Who Got Screwed? Talking About My Generation
My father always told me, “I want you to be better off than I am.”
I wish it were so. My father died 21 years ago. When he was alive, I was getting close to doing better than him. Now, unfortunately, his dream doesn’t look like it’s going to come true.
At the peak of his life as an appliance repairman for General Electric, Clarence Bernard was making about $40,000. So far, my best salary has been $52,000, but that was seven years ago. Since then, I’ve been laid off, but by cobbling a few part-time jobs together, I might be lucky to make $20,000 this year.
I’m not alone in this dilemma. For the first time since the Great Depression, most Americans are headed toward a retirement in which they will not be better off than their parents.
The recent recession stripped nearly two decades of wealth, according to a Federal Reserve report last June. Also, the Fed reported that median net worth sank by nearly 40 percent from 2007, at $126,400, to 2010, at $77,300.
Much of the net worth dropped because of plummeting housing values, but median income also fell nearly 8 percent in that same time frame, to $45,800 in 2010.
How did we get into this mess? I’m blaming the Baby Boomers. The 1960’s Hippies who lamented about a generation gap when they were young are creating an even deeper chasm as they reach retirement age. This age group, who ripped their parents’ materialism, became the self-centered Me Generation of the 1980’s.
And even in old age, the Baby Boomers, as they have done their entire lives, are the center of the nation’s attention.
Why else do you see ads for adult scooters, adult diapers and Viagra, things paid for by Medicare or Medicaid? Because the Hippies of yesterday are worn out, incontinent and impotent.
They also have something else – jobs, and often good-paying ones. They’re the ones I’ve seen who were hired in leadership positions in their late 30’s and 40’s and have stayed fat and comfortable in those same jobs while workers 10 years younger have remained stagnant on the lower-paid rungs of the ladder.
And the Baby Boomers are refusing to let go of their positions. They have watched their stock mutual funds nosedive, and they won’t retire until those funds are growing and profitable.
Meanwhile, those that follow the Boomers get screwed in so many ways. They can’t get the jobs that the Baby Boomers are still clinging to. In my workplaces, those 10 years younger are bypassed, and instead people in Generation X, those born from about 1967 through the 1980s, become the bosses. Baby Boomers think the younger generation will have new, fresh ideas that will appeal to young consumers, not like my less technologically savvy generation.
Adding insult to injury, these Baby Boomers are also the ones who have decided they can make more profits by cutting workers, especially ones 10 years younger who are supposed to be nearing their salary peak.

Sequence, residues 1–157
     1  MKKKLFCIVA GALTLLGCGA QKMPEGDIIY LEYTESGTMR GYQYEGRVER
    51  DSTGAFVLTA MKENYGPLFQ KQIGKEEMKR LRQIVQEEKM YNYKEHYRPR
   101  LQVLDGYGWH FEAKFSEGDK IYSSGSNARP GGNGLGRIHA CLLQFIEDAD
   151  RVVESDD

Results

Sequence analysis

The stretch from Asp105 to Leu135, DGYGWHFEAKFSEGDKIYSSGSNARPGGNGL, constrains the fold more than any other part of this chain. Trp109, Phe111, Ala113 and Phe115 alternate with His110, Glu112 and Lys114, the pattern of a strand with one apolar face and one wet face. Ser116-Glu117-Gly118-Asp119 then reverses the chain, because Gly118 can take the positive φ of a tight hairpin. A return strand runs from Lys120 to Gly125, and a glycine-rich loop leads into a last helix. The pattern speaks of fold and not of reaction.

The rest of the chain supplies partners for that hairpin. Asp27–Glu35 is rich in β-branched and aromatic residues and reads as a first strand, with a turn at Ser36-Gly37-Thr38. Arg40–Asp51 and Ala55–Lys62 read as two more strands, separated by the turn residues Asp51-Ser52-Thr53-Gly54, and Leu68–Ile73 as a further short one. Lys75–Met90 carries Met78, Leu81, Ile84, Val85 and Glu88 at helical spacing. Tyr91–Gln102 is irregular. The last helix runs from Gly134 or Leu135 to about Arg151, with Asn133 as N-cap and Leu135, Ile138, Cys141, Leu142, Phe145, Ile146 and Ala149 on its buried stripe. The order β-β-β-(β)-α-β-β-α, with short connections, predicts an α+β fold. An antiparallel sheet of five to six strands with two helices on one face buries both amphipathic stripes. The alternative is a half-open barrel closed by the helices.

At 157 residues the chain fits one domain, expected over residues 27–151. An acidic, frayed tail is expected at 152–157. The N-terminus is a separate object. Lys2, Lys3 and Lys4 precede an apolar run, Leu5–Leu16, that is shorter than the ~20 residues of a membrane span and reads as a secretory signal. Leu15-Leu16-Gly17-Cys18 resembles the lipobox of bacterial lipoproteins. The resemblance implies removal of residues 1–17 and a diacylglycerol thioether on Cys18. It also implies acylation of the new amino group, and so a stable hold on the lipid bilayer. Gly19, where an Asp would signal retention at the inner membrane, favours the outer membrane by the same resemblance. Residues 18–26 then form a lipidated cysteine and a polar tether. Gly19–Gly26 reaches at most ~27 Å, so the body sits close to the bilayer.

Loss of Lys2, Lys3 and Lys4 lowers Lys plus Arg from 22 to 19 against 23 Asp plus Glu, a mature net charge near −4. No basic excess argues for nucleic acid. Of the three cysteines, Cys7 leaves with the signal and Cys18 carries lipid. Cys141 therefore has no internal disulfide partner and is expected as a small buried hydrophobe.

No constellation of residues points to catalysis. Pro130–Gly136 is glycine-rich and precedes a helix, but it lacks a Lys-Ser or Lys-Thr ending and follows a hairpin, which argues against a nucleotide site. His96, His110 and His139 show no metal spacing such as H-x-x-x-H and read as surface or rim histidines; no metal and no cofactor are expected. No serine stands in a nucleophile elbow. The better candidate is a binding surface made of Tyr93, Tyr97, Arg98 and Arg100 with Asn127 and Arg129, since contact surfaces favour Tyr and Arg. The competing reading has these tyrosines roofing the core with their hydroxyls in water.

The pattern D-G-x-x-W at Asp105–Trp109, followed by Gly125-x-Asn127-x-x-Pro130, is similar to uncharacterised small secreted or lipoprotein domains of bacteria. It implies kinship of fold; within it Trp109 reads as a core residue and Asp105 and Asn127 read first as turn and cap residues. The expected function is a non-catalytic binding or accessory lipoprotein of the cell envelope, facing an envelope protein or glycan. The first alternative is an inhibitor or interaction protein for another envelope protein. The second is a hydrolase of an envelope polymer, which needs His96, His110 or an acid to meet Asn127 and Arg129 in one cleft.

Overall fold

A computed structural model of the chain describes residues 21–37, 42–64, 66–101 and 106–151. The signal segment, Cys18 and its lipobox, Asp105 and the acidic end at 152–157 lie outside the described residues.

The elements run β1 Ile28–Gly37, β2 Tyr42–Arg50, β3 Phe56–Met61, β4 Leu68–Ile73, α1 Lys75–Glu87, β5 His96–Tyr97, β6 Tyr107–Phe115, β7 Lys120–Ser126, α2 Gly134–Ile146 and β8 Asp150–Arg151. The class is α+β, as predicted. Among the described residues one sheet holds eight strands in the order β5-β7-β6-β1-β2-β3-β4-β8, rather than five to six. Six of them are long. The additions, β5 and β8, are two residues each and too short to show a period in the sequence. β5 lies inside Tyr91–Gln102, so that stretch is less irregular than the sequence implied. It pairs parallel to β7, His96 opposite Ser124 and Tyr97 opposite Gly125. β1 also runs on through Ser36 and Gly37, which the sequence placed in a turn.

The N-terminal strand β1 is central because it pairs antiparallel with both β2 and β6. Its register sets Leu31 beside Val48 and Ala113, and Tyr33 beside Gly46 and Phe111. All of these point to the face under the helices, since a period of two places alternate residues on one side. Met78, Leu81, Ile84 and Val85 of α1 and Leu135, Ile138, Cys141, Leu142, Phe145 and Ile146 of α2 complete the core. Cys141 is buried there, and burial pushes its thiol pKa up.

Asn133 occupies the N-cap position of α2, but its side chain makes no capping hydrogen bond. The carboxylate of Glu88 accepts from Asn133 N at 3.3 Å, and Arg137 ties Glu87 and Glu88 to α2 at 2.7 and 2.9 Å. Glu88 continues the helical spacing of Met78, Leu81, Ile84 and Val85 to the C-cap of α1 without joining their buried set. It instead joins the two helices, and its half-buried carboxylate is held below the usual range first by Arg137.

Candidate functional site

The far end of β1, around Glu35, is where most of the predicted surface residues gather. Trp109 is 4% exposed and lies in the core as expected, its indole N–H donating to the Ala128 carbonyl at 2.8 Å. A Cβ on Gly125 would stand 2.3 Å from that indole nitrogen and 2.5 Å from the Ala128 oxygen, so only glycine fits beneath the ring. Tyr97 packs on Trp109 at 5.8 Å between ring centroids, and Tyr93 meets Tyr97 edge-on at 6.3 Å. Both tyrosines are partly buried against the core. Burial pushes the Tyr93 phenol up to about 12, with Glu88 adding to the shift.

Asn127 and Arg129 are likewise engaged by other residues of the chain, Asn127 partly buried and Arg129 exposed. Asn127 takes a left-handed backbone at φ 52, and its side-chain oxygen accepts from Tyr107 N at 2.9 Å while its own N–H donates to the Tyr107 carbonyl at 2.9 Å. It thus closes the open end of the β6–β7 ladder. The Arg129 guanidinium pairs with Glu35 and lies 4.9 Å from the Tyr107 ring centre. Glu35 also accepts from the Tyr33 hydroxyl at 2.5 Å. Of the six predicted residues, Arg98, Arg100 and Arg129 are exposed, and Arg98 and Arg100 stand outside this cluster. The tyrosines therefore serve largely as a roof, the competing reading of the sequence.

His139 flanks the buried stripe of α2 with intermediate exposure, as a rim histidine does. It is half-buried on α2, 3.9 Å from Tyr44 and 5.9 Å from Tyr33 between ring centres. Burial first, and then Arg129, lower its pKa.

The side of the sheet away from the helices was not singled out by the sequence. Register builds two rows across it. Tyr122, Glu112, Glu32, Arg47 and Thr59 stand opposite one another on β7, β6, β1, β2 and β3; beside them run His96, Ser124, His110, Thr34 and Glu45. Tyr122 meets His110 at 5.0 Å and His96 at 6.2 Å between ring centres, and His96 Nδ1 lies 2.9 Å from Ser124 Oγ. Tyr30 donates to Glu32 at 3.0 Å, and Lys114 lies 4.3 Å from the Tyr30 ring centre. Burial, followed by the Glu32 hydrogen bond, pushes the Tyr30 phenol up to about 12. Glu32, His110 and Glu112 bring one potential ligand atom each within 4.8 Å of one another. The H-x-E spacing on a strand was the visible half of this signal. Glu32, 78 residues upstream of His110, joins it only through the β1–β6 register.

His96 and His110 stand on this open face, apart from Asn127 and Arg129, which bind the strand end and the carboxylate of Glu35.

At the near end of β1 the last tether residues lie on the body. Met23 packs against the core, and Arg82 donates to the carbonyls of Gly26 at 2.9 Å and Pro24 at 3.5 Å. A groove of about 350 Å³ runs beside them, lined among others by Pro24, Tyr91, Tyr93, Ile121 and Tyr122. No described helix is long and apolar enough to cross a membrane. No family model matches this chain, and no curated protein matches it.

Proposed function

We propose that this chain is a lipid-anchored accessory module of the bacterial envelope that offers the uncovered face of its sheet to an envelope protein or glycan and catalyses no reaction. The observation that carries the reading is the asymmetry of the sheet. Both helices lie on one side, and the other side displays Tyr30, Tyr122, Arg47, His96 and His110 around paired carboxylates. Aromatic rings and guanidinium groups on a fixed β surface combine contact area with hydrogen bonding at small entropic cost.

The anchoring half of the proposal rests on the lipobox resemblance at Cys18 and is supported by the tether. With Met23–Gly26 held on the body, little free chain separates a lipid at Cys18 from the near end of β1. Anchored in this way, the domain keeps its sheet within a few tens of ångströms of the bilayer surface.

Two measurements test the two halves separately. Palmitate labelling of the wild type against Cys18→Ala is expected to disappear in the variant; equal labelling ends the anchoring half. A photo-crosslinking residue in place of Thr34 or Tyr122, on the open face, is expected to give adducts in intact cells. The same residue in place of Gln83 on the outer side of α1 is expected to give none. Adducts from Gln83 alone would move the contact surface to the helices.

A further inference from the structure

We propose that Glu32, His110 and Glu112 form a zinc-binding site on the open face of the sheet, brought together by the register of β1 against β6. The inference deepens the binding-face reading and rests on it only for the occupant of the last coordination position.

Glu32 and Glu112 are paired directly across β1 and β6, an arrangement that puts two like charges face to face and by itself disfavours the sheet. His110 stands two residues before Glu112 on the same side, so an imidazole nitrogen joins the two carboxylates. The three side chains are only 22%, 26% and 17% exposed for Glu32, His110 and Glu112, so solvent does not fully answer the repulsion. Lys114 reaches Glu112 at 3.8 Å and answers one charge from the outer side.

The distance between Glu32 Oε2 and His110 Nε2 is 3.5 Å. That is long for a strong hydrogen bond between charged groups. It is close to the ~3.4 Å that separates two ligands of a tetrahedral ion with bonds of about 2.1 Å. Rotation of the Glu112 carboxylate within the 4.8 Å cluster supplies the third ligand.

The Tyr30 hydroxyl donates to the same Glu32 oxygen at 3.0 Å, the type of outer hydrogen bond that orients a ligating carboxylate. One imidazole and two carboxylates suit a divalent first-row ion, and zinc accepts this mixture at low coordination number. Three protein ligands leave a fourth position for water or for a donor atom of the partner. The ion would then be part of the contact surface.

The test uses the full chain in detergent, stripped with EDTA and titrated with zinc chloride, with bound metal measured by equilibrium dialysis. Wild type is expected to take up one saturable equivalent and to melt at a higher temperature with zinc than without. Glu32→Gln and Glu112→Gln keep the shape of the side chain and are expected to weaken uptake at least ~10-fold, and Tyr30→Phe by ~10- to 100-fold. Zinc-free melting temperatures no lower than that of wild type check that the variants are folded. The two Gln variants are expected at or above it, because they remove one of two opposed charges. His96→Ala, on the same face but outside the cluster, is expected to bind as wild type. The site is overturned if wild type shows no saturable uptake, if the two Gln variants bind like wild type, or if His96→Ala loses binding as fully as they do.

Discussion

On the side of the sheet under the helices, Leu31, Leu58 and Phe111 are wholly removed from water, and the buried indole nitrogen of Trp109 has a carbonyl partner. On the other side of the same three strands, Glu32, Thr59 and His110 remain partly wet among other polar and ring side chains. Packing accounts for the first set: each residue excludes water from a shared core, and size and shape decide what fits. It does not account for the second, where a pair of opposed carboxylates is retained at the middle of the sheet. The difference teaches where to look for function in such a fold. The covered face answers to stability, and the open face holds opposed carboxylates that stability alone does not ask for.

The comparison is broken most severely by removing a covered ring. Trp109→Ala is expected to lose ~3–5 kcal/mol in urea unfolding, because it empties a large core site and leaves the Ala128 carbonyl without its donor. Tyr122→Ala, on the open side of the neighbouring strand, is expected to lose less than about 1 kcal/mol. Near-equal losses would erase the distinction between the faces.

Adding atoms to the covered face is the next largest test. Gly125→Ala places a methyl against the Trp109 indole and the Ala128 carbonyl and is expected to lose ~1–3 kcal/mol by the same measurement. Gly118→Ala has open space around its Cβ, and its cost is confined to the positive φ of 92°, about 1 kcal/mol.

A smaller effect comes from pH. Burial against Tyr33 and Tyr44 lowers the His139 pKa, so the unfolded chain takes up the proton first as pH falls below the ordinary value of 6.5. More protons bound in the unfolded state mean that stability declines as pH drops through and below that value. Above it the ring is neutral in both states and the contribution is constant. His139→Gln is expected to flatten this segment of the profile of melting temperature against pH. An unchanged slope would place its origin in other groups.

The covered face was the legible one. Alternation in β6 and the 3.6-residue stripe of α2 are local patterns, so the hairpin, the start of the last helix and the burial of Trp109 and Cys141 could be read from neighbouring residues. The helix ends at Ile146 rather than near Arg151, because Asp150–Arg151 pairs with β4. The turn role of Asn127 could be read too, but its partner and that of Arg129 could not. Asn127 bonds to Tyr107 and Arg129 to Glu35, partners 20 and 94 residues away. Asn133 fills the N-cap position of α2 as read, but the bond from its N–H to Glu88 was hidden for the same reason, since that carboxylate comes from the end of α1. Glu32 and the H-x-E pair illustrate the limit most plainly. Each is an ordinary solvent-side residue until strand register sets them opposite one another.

Those laid off were loyal to the company for decades, but the Baby Boomers, who benefited from such commitment from their predecessors, have instead selfishly focused on getting everything they can, and to hell with loyalty and to those who foolishly followed it.
Every generation seems to have a name. The Baby Boomers, in my eyes, were born in the period from 1946-52. They benefited from all of the expansion after World War II. They found plenty of good-paying jobs and trashed their idealism of the 1960’s for materialism.
Generation X Americans seem to have reaped the benefits and will benefit more as the Baby Boomers finally retire.
Generation Y, also known as Echo Baby Boomers, the children of the Baby Boomers, from about the mid-1980’s and into the 1990’s, also should be able to adapt to the changes, especially as older generations retire.
Those born in the 2000’s now are known as the Baby Boomlet, or, Generation Z – children of Gen X’ers.
So what do we call the group of people falling between the Baby Boomers and the Gen X’ers? This group is born from 1953-66. No, we’re not Baby Boomers because we haven’t garnered the benefits that group has reaped.
What do I call my group? I call us the Fucked Generation. The term may be derogatory, but the word is used in plenty of movies, on cable and in junior high hallways.
Why are we the Fucked Generation? Because we will be the first ones, and maybe the last, not to be better off than our parents. We’re the first ones from a generation of college grads to experience massive layoffs, especially of white-collar jobs or banking and teaching, because Baby Boomers take all of the benefits.
We’re the Fucked Generation because we might not be able to have Medicare until age 67, but we’ll also have to pay huge premiums for health insurance.
Because of the Baby Boomers, we might not get full Social Security benefits. And our 401(k)s will fall once the Baby Boomers start cleaning out their funds and not putting any money back in.
It’s just our lot in life, but the Baby Boomers and others need to realize that the Fucked Generation’s buying power will be gone, too. By taking money away from this group in so many ways, there might be a lot less for entertainment, travel and even the general necessities of life.
The economy will slide further, and there will be a real possibility of deflation, where prices go into free-fall because no one has the money to buy anything.
What can be done for the Fucked Generation? Have the wealthiest of Baby Boomers sacrifice, show some of that 1960’s idealism and give up some of their questionably-attained assets to create more jobs for my generation.
We need some help because it appears we won’t be dying before we get old.
Additional source, Washington Post.
[Image credit: pakorn at FreeDigitalPhotos.net]